A civil society monitoring for Montenegro
In 2015, the European Union redesigned its enlargement policy to focus on the rule of law, public administration and civic rights. These “fundamentals” are required to meet the criteria of membership and constitute the preconditions for a sustainable modernization of the Western Balkan states. The European Commission has monitored the state of reforms on the basis of consultations with government officials and external observers.
To involve civil society in this assessment and to provide better evidence for public debates, a Montenegrin think tank, the Center for Democratic Transition (CDT), has surveyed 41 experts and analyzed publicly available data. Drawing on the Commission’s new standardized assessment scales, CDT and I developed detailed questionnaires that assess the following areas: functioning of the judiciary; fight against corruption; fight against organized crime; media freedom; public administration reform; human rights. The results of these surveys are now published in two reports.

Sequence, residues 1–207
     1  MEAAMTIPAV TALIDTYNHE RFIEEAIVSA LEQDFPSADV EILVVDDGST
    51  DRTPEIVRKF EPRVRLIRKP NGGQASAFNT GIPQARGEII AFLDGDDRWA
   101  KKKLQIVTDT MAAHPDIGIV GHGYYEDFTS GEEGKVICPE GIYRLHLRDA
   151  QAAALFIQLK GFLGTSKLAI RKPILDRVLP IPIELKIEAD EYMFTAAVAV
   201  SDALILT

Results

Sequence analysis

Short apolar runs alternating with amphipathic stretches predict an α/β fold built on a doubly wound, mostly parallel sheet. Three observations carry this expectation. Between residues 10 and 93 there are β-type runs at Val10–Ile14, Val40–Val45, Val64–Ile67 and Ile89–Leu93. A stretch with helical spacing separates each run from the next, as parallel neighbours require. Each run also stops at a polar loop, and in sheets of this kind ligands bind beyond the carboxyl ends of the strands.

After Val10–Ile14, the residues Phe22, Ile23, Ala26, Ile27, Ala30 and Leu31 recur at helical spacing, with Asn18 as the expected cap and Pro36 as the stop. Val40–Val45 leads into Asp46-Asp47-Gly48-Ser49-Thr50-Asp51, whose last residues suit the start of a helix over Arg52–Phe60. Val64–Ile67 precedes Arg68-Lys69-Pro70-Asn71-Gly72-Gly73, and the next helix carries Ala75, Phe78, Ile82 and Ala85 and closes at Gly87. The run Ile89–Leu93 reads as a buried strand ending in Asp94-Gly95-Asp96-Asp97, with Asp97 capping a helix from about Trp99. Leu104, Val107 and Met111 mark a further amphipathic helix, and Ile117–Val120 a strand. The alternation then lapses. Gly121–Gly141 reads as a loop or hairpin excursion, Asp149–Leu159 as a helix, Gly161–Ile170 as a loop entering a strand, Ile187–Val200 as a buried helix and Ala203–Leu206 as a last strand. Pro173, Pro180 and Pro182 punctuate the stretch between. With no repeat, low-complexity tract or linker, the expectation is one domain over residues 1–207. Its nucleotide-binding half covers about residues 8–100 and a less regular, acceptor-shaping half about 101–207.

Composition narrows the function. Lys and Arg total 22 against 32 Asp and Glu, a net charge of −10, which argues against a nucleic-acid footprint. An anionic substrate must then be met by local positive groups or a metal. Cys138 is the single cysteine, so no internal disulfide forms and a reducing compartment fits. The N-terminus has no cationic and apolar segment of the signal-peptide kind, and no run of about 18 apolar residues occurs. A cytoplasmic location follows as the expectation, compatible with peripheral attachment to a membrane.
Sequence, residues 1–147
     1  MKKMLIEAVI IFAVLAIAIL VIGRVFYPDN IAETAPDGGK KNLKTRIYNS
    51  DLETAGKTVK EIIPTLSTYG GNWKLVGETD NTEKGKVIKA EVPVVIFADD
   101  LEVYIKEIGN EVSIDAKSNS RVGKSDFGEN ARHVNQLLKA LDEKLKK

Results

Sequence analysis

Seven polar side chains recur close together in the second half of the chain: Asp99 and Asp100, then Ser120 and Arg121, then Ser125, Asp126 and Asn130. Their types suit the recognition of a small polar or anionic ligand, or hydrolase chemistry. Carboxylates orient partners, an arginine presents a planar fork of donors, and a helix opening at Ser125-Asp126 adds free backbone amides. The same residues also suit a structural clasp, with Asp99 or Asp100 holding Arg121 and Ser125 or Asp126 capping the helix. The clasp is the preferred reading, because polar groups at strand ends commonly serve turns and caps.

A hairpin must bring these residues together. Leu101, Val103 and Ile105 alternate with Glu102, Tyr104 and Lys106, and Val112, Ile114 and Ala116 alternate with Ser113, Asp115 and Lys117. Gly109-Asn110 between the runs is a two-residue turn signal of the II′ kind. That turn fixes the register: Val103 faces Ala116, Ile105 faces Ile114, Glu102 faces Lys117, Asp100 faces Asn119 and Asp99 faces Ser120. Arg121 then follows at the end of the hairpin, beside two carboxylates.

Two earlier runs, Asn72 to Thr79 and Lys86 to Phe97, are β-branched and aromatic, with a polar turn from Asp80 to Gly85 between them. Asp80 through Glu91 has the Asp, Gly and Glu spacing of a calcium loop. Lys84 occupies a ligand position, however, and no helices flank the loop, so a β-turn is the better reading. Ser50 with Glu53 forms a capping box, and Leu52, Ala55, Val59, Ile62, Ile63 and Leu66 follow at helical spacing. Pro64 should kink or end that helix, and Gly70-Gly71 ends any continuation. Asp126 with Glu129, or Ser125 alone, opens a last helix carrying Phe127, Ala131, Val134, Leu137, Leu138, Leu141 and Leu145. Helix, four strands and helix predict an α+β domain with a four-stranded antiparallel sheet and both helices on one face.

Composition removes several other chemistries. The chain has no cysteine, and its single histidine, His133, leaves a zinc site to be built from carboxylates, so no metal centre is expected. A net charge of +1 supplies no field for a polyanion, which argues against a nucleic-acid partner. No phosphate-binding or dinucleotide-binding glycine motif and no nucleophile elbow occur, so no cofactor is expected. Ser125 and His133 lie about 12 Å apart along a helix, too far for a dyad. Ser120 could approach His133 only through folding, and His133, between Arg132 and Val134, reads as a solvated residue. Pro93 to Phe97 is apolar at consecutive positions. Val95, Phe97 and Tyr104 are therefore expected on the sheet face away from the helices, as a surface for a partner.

A key finding of this research has been that there is still a significant gap in implementing the new regulations adopted during the preparation for EU accession. Executive actors retain informal influence on the work of the judiciary. The newly established corruption-prevention agency has not effectively supervised the finances of political parties. Media outlets struggle to survive under growing economic constraints and political pressures. The judiciary has failed to sustain convictions in several cases of organized crime. Discriminatory practices persist due to a lack of both effective anti-discrimination policies and societal awareness.